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Tuesday, Mar. 31, 2015
Randy's Review: 'Sucker Punch'Posted Thursday, March 31, 2011, at 10:12 PM
'Punch' will leave you loopy
I'm still trying to figure out what was real and what was part of the subconscious imagination.
The visuals are stunning in "Sucker Punch," the latest Zach Snyder directorial effort. Snyder, who directed "Watchmen" and "300" - both based on graphic novels - returns to the helm of another fantasy adventure, with every bit as bleak an outlook on humanity as the first two. His style is very recognizable. Lots of slow motion action, blending with regular speed, and often high-speed moments. The landscape is dark and dreary, highlighted by moments of brilliant color, often brought on by explosions.
A young woman, through a series of creepy circumstances following the death of her mother, finds herself trapped in a mental institution courtesy of her greedy stepfather.
Babydoll (Emily Browning), complete with blonde pigtails, quickly becomes immersed in a seedy world within the corrupt institution where handlers will take a bridge to perform a lobotomy to keep a patient from talking. Babydoll, facing the mind-ripping procedure, wakes up in a world where the girls of the facility are basically pimped out as dancers and prostitutes to serve a nightclub's high-rolling clientele.
She meets Rocket (Jena Malone), Blondie (Vanessa Hudgens), Amber (Jamie Chung) and the group's alpha leader, Sweat Pea (Abbie Cornish). Immediately Babydoll is cast as a troublemaker by Sweat Pea, and she quickly becomes a project for Madam Gorski (Carla Gugino) who is charged with making the girls perform for the club's clients.
Blue Jones (Oscar Isaac) owns the club, and essentially serves as a pimp for the young ladies. He has been told to prepare Babydoll for the High Roller (Jon Hamm) who will be arriving to pick her up in a matter of days.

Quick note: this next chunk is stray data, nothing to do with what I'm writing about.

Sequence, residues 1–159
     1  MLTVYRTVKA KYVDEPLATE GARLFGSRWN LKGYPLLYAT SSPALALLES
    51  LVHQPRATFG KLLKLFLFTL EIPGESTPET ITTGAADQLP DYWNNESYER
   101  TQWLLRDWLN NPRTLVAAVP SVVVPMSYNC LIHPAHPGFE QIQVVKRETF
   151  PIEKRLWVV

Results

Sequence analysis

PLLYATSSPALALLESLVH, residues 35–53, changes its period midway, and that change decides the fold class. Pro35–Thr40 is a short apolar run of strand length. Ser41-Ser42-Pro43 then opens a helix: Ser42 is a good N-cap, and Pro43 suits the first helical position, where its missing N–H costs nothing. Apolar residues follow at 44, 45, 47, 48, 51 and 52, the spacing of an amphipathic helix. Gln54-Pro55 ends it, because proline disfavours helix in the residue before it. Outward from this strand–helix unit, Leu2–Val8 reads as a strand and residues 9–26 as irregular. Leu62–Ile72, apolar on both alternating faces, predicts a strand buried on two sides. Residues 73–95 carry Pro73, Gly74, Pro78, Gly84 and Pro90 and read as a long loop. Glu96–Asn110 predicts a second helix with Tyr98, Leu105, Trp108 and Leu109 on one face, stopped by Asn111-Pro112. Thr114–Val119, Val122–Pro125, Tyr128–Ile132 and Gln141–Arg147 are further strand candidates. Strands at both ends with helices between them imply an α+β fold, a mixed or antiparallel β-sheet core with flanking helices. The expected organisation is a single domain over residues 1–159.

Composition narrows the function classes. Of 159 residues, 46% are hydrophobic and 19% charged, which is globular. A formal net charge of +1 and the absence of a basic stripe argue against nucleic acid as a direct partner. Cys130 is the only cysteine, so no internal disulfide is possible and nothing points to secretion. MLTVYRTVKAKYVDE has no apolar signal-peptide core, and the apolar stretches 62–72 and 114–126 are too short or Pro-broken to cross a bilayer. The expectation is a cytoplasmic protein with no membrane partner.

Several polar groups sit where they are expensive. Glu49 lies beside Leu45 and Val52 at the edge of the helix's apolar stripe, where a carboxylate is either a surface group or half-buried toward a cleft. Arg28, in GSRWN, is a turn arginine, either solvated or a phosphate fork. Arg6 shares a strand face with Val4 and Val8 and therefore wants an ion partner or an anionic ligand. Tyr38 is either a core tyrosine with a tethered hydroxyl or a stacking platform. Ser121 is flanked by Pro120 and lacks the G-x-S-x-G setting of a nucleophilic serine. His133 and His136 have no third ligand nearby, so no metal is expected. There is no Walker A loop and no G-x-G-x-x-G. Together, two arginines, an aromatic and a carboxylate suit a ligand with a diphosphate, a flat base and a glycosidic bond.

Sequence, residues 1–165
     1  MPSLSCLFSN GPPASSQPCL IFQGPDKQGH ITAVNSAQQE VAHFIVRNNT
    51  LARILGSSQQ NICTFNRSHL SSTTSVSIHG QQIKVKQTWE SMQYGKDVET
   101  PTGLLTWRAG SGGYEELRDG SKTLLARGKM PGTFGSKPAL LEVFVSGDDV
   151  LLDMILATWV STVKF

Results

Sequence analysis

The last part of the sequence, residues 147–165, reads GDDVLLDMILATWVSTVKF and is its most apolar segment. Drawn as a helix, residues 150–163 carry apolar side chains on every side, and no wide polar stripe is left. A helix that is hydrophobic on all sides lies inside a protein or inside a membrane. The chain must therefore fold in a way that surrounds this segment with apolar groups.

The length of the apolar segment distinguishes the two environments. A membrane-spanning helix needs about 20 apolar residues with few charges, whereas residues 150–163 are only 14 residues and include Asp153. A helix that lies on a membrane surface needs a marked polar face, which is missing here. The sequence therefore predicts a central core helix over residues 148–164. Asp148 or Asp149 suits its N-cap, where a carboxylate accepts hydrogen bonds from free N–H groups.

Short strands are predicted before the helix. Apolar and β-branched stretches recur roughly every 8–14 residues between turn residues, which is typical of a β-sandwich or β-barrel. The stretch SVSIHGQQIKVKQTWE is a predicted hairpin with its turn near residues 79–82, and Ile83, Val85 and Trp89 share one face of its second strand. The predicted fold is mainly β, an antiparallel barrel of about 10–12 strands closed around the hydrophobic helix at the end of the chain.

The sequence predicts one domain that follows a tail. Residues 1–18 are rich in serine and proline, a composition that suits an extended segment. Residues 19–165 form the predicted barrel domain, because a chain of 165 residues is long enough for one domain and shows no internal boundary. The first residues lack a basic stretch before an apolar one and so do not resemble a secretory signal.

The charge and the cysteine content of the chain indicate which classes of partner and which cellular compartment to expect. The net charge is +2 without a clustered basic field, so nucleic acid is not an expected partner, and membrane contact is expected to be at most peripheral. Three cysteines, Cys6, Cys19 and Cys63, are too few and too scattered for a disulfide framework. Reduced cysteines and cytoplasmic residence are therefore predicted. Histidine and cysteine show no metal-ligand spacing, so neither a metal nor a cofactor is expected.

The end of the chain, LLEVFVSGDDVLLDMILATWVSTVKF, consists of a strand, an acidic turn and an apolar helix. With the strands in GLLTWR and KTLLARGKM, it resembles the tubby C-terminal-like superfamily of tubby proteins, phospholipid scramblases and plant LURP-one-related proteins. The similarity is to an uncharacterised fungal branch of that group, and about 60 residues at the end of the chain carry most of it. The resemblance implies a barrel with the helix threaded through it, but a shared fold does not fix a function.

Babydoll has other ideas. She tells the girls she plans to escape and they agree, Sweat Pea reluctantly, to join her in the effort. We quickly find out that Babydoll's dancing ability sends men into a trance and basically shuts down their senses to everything but her gyrations. You never see the gyrations but they must be something because as she dances, the other girls are free to run about collecting items needed for the escape.
How do they know what they need? Thanks for asking. When Babydoll dances, she closes her eyes and goes to a "safe place" in her head. In her mind she meets the Wise Man (Scott Glenn) who guides her on her journey. In her dream world, she battles giant samurai monsters, to begin her trek to freedom. When the other girls agree to join her in her quest to flee the institution, they too are inserted into her dreams to help her successfully complete the missions and secure the items.
Still with me? Ya, I'm lost too, and I saw the movie.
The action is fast-paced and, in terms of the film's visual quality, it's an awful lot going on, but it's well done. The story itself is depressing at best. A group of young ladies, forced to dwell within the confines of a dreary stone institution, forced to scrub floors and prepare food, in between dance lessons so they can perform for leering perverts at night.
And just when you think you have it figured out, well, think again. The payoff at the end: You walk out of the theater wondering what the heck you just watched.
It's a wild ride, but you'll be scratching your head for a couple of days.
On a scale of 5 popcorn buckets, I give "Sucker Punch" 2 1/2 buckets. I wouldn't add any butter if I were you, your head will be spinning and you don't need to create any undo nausea. Just in case, order a Sprite and keep it handy to settle your stomach. This movie was viewed at the Southpark 7 in Spencer.
A Little to the Right
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Randy Cauthron is the managing editor of the Daily Reporter. He has been with the paper since 2003 and has worked in the newspaper business since 1993. Randy enjoys entertainment and sports. He has wife, Leah and six children living in Spencer. Randy enjoys sharing his opinion on everything from entertainment, pop culture, politics and sports.